Beating the odds
Four years ago, I had the BRCA gene test to see how likely I was to get breast cancer. Ends up I had an 87% chance.
It wasn’t a surprise. Both of my grandmothers passed away from breast cancer — and my mother had it as well. Thankfully, she recovered and has been cancer free for almost 18 years.
I waffled with what to do about the diagnosis. It was a big decision to have my breasts removed — a bilateral mastectomy — to avoid a battle with cancer down the line.
In the summer of 2018, my path forward became clear. My aunt, my mother’s sister, was diagnosed with terminal breast cancer. Over the course of the summer, I watched her go from a person to a skeleton. My life was busy, pursuing a joint JD and MBA at UD, but seeing my aunt struggle pushed me to make a decision. I wanted to avoid the same fate, no matter how difficult the journey, so I embarked on the bilateral mastectomy that summer.
This process, including reconstruction, normally involves two to three surgeries. Your breasts are removed, a tissue expander is put in to prepare for the implants, and then the expander is taken out and the implants are inserted. That was the plan for me — but it went awry.
On the second day of my second year of law school, I woke up with a quarter-sized hole in my chest. The tissue expander had broken through my skin. I had to have emergency surgery, and three surgeries turned into five because of the complications. And, beyond all of my struggles, my beloved aunt passed away during this time.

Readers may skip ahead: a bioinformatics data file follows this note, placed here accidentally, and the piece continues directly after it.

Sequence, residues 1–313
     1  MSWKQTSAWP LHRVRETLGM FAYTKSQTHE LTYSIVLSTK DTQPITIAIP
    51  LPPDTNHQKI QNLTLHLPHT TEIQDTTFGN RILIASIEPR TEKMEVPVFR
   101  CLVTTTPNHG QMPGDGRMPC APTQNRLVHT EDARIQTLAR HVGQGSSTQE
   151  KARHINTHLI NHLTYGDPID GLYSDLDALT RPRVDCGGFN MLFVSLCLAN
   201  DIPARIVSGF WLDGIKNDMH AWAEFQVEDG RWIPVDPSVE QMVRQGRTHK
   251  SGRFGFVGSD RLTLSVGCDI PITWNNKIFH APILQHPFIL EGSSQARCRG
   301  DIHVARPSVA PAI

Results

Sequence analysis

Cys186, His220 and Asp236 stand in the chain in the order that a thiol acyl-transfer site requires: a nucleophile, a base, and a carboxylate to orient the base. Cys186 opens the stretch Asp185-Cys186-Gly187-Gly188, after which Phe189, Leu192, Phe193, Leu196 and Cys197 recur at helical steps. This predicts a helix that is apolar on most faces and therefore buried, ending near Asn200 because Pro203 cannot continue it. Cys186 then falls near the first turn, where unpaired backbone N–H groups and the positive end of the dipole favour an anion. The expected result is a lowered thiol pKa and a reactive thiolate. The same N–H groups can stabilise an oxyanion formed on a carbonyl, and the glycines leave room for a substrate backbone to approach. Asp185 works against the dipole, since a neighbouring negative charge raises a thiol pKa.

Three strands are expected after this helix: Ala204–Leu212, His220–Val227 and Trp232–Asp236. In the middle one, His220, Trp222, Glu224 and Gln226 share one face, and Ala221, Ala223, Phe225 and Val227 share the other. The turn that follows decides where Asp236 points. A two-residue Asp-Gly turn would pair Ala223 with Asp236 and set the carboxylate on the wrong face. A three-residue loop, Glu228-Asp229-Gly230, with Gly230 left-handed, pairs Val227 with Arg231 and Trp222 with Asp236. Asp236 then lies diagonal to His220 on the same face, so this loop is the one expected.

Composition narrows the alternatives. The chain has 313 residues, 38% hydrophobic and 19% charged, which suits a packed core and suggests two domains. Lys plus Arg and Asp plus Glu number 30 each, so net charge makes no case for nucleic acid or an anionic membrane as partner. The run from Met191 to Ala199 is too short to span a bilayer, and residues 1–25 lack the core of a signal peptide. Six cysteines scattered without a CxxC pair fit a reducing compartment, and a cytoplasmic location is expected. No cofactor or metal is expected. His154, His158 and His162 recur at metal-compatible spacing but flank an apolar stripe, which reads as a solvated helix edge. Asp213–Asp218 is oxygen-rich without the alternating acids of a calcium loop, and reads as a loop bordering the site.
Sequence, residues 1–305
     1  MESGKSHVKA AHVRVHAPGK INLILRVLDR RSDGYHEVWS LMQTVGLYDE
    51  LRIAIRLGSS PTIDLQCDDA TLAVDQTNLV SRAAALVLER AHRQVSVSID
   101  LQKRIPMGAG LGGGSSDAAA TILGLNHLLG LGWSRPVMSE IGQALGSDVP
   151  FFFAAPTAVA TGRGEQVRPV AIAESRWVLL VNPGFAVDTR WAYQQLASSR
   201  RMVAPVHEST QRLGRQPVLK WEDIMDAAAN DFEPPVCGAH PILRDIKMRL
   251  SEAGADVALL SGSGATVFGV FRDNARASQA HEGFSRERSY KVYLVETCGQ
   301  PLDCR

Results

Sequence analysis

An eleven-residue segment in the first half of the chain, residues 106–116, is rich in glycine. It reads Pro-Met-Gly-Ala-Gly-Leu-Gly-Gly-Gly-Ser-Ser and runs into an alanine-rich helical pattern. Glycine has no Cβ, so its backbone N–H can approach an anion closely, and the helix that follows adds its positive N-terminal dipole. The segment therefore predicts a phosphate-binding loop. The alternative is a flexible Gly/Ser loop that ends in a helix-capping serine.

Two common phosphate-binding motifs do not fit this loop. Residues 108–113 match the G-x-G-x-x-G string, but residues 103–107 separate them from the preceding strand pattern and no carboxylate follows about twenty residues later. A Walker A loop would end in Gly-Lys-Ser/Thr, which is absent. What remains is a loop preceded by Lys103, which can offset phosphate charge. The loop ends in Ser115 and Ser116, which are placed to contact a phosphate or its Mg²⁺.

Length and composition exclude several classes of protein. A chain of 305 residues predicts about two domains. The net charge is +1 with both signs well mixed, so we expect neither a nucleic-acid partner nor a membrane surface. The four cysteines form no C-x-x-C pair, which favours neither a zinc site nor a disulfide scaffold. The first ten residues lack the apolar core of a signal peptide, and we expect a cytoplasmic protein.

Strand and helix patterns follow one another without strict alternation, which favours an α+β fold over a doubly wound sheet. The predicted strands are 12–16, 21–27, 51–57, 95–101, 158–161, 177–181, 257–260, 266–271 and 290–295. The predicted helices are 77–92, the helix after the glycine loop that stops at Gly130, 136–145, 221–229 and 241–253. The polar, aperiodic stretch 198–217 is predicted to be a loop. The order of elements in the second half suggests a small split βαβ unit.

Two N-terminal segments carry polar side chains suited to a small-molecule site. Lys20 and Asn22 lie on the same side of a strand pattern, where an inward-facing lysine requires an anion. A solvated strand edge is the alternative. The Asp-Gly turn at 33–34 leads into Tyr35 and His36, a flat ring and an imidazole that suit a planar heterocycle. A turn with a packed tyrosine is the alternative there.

Despite my health struggles, I decided against taking medical leave. I didn’t want to be stuck at home, depressed about my situation. It was the right choice for me; being immersed on campus helped me power through a lot of bad days.
So many faculty and staff members came to my aid, ensuring that I was able to handle my workload — and everything else in my life. My fellow law students were also there for me, from carrying my book bag to just lifting my spirits, getting me to laugh or smile. They provided a sense of normalcy and cameraderie that I really needed. And others in the UD community — people I had never met — made my road to recovery easier, as well. Three donor-funded scholarships kept financial worry from hanging over me. I can’t thank these donors enough for easing my burden.
By God’s good graces, I’m fully recovered and extremely happy I took the route I did. I graduated with my JD in May and only have four classes left to achieve my MBA. It’s been a bumpy road, but I’ve come out on top, and it’s because so many people have been in my corner: my family, my close friends and a campus community that really cares — my Flyer family.